The Pianist (2002), adapted by Ronald Hardwood from the 1950 book of the same name and directed by Roman Polanski, is a biographical war drama chronicling the experiences of Polish-Jewish pianist Wladyslaw Szpilman (Adrien Brody) during World War II in Nazi-occupied Warsaw. It recounts the story of how he managed to narrowly survive the state-sponsored, systematic extermination of 6 million Jews.
The first time we see the Szpilman family, they are debating whether or not to effectively depart from Poland. Soon, news breaks about the UK and France joining the allies. Comforted by this fact, the family rejoices and, at last, decides to stay. Unfortunately, as history has made witness, the course of events doesn’t unfold as favourably as the family had figured. They are soon forced into a cramped, disease-ridden ghetto along with the rest of the city’s Jewish community.
The Jews were looked upon as vermin and treated as such. In due course, Wladyslaw is forcibly separated from his family when they are rounded up to be sent to the Treblinka death camp. The sheer suddenness of Szpilman’s solitude is emblematic of the unpredictable arbitrary nature of it all. The imminent survival is scant consolation. It was an anomaly that hinged on a fair amount of good fortune and the compassion of others.
The Atypical System of Depiction
The film is a contemplative, controlled fall into barbarism. It chronicles the gradual, years-long exercise of radical anti-Semitic oppression and the dehumanising process that the Jewish population was subjected to during the Nazi dictatorship. What we now know to be the beginning of the end. We watch the slowly mounting atrocities and marvel at how it all becomes brute fact. The gradual desaturation of the images accents the deteriorating conditions.
The film dispenses with the large canvas of a film like Schindler’s List, and instead, the viewer is put into the subjectivity of a single individual as we become an eyewitness to the horror. The restricted vantage makes it so we only see what he sees and hear what he hears.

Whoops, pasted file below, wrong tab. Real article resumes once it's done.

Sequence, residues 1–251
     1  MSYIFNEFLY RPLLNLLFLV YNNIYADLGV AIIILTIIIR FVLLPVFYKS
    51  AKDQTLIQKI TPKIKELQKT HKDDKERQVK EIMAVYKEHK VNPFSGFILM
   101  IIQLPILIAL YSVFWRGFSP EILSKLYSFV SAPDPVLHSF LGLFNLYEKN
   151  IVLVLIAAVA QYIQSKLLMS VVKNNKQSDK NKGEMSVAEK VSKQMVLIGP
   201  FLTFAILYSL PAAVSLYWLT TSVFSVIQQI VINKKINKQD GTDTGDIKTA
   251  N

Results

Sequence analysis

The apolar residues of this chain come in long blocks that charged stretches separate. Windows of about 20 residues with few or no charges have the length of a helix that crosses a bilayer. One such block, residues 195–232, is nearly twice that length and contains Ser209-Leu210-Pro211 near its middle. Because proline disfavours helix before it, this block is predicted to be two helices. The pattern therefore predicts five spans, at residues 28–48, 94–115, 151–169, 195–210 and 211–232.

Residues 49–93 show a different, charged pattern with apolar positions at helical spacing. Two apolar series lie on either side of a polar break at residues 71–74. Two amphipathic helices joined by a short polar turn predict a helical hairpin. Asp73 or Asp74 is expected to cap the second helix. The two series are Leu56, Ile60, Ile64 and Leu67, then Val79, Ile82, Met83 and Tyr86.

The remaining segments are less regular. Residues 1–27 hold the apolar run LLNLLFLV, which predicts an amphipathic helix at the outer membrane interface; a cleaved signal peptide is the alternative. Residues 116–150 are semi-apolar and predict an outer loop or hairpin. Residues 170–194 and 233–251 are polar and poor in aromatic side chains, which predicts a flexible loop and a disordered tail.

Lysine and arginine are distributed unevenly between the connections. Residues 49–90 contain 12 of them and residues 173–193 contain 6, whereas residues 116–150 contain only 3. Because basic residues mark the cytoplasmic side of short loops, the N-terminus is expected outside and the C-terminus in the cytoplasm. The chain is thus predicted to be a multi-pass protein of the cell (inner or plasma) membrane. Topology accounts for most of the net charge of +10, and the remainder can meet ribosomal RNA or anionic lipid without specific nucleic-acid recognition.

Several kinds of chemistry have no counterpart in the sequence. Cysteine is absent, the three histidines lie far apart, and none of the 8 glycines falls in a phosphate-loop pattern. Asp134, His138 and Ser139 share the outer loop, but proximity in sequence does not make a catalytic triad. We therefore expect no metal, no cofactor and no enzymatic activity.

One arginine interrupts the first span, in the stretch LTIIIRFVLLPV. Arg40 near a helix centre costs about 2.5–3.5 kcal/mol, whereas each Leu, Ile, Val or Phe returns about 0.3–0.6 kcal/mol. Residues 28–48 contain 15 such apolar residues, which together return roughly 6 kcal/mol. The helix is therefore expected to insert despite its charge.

Polanski also steers clear of sentiment, lest it overwhelm the tale at hand and get submerged by it. The story is intrinsically remarkable, and any overt assertion of its tragic character would result in counterproductive heavy-handedness. Free of any and all embellishments, each image in the film seems to boil down to its immediate essence.
Working with sheer matter-of-factness, Polanski stays at arm’s length of any showy directorial flourishes, lest it all dip into vulgar exploitation. The camera simply stands back and regards, and it does it without flinching. Long stretches of the film are also almost completely wordless. The film realises that the experience of the Holocaust was not a series of big dramatic highs and lows but a grim reality that stretched day after day, year after year, paralysing people’s ability to deal with it emotionally. The film effectively puts us in the shoes of Wladyslaw, and we feel the paranoia as the deadly game of hide and seek unfolds before our eyes.
The Director is Present
Polanski, who won the Best Director Oscar and whose own experiences in the Krakow ghetto were woven into the adapted screenplay, had been meaning to make a film about that time and place. The sense of urgency in the description of the text was what drew him to the book. In the end, it’s an optimistic and ultimately uplifting book, despite the horror that it describes. The cold objectivity of the vivid details of the text rang true to Polanski, a child of that period.